I started to ‘toughen up’ inside.

But I was hugely relieved that while the train platform was certainly crowded, there were only a few scraggly looking dogs that were begging.

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Crowded train station platform

Meeting Up with Our Guide

Anthony stood by our pile of luggage while I went out to scout to for Dave. I was just about to give up and figure out how to get to Margarita’s Hotel when I heard a familiar call, “eee, yyyyouuuhhh.” It sounds like the cry of a red tailed hawk. I immediately answered back “caa caw, caa caw.”

For the past several years Dave and I have led groups of teenagers to spend a night out in the Sonoran Desert with nothing but the clothes on their backs. No chapstick, water bottles, flashlights, knives, or tools. We would build a fire using Stone Age techniques from things we would find, and make shelter as best as we could – or not, as was usually the case.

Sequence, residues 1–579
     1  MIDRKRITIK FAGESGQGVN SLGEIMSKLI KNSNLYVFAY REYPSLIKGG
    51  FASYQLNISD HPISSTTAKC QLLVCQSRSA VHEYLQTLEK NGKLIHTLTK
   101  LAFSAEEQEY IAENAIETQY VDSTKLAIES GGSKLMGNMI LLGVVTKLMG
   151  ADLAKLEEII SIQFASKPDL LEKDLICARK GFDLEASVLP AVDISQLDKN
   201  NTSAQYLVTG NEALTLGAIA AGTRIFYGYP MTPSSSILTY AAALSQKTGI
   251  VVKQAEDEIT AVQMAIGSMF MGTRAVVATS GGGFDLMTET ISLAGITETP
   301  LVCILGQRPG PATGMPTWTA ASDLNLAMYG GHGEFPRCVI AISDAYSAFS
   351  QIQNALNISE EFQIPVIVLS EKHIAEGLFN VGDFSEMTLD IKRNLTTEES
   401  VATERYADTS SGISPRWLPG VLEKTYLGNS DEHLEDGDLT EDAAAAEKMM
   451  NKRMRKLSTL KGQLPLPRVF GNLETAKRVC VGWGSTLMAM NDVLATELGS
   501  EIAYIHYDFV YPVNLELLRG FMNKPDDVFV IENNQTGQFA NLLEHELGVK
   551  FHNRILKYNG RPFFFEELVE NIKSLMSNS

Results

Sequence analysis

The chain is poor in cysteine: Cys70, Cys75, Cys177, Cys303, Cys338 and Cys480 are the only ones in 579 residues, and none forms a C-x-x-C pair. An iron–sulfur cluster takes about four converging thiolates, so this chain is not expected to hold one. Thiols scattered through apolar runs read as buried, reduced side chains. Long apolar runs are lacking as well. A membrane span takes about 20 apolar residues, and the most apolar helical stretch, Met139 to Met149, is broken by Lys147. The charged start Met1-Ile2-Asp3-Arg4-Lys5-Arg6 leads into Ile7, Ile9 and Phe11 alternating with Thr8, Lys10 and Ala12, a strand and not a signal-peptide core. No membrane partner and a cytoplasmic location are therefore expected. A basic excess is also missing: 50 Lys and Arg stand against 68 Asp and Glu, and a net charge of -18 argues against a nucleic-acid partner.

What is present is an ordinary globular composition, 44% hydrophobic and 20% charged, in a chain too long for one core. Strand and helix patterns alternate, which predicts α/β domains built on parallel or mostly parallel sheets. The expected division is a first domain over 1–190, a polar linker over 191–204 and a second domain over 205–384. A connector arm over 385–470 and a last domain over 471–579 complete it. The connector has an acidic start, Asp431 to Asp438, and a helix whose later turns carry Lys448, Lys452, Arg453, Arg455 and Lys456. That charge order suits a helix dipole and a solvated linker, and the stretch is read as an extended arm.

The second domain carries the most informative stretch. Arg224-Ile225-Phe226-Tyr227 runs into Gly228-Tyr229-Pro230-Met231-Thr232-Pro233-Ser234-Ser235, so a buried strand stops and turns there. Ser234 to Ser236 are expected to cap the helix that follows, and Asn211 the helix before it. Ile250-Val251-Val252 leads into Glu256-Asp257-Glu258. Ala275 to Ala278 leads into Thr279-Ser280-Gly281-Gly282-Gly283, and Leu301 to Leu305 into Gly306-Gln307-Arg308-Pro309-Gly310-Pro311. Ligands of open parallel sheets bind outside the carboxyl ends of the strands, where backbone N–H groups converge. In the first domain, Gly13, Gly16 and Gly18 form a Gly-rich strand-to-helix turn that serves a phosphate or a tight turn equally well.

It is pretty hard-core; it gets really cold, the ground is hard, no one sleeps very well, and everyone reaches some breaking points.

Dave starts out the evening telling the kids that people all over the world would be doing this tonight. Refugees from Syria, Africans caught in the crossfire of civil wars, and victims of volcanoes or tsunamis – all would be walking as far as they could tonight with their life’s possessions on their backs. They would try to get as far away as possible from the danger, and when they could not walk any further, they would find a place to sleep. In the morning, they would have no home to return to, but would pick up their meager belongings and keep walking.

We were lucky. Although we would suffer this night, we had loving families and warm camps that would have breakfast ready for us after the sun rose.

When Dave put it that way to the group of teenagers, none of them ever complained.